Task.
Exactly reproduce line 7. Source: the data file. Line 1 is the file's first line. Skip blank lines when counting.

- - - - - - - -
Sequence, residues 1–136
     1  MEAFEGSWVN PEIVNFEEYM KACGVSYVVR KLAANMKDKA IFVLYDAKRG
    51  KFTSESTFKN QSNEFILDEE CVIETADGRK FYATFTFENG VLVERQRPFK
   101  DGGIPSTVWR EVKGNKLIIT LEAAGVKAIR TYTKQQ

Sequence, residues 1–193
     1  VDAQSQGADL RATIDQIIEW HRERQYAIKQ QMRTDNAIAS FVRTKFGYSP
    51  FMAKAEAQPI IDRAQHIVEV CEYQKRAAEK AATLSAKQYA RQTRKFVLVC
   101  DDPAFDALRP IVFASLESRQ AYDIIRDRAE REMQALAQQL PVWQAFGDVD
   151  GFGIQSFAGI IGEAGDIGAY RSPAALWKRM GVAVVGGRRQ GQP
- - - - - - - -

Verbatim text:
    51  FMAKAEAQPI IDRAQHIVEV CEYQKRAAEK AATLSAKQYA RQTRKFVLVC